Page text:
Friday, March 12, 2010

Khan Academy

I came across a great website for brushing up on little ideas, like the the Laplace Transform, Ideal Gas equation; everything from Algebra to Evolution to the Geithner plan. Short snippets are done Camtasia-style, with no face, just talking over Khan Academy was founded by Salman Khan (Sal) with the goal of using technology to educate the world. Everything is free. An NPR interview with Khan is here. He worked for a hedge fund, and has technical degrees from Harvard and MIT.

I think in the long run, these are going to replace technical teaching. Khan is a very good teacher, and he's teaching things that aren't smushy like history or economics, so I think the subject is more like a commodity.


Michael Meyers said...


The Khan site is terrific...

Thank you!


Unknown said...

Eric: Sorry to contact you in this way, but the following link has gone dead:

Is there another link to your DefProb paper? I cite it regularly, and like to help the reader by putting the URL in the references.

Kind regards,

Mark Schreiner, Director
Microfinance Risk Management, L.L.C.

Paul said...

Eric, thanks for the link. I'm a big fan of The Teaching Company. Stuff like this would have made my school experience much more meaningful. Hopefully this represents the beginning of the end of the public education monopoly...


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Mahalanobis said...

This is exactly the reason why such programs like the CFA, CAIA, FRM, etc. will become ever more powerful. They tell you what to study and make the exam. You figure out how to prepare. Take the Financial Risk Manager (FRM) exam as an example. Either you prepare on your own or you go to e.g. and receive video lectures for a small fee.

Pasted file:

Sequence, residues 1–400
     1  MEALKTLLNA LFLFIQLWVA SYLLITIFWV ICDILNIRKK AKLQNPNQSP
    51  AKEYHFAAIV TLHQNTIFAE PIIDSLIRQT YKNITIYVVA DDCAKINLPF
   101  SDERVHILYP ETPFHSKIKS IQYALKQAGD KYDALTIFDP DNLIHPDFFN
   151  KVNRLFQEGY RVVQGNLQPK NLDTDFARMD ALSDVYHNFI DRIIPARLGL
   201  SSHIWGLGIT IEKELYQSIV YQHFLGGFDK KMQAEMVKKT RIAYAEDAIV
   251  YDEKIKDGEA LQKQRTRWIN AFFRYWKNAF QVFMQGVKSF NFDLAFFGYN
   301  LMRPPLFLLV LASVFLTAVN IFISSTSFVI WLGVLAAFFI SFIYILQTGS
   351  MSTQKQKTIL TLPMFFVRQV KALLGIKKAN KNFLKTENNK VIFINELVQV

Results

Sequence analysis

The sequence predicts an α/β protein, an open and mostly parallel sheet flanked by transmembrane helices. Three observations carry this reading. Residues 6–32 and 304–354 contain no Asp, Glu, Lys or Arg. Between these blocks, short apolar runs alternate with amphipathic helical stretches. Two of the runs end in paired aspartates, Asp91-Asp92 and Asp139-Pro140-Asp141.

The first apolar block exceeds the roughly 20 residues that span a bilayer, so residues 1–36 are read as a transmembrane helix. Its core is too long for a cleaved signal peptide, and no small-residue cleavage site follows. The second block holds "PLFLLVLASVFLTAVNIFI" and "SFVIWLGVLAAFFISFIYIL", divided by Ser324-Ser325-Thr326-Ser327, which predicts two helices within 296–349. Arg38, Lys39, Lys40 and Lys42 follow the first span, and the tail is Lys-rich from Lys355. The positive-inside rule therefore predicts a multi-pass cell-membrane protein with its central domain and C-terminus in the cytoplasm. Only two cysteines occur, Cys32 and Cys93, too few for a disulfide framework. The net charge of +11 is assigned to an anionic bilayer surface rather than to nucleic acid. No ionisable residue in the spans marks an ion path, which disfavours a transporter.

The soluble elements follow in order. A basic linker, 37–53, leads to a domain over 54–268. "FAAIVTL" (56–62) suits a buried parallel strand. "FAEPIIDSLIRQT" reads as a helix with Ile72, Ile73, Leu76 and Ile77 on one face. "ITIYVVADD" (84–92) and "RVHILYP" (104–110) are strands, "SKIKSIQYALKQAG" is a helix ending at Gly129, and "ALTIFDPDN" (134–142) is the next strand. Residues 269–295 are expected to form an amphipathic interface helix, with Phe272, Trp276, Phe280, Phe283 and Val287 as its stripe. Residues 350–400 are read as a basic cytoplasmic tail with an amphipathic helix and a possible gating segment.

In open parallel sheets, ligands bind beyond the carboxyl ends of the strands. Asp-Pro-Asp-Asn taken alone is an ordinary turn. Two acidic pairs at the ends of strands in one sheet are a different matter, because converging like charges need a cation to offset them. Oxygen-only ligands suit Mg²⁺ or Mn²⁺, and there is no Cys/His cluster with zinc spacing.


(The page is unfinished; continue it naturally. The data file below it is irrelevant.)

So far most people do such programs to complement an existing education and afaik you actually must have at least a B.S. (and some work experience) to earn the designation. But as you pointed out, teaching technical stuff that has no relationship to present day events over and over again just doesn't make any sense. The MIT ( taped Gilbert Strang's lectures on Linear Algebra (101) and put them online. For the foreseeable future every professor who teaches the same stuff is wasting time and money.

In the future, professors will spend their time mentoring and not teaching students. Will teaching and mentoring go entirely online? No. Rich people always knew that meeting other rich people is important to stay rich.

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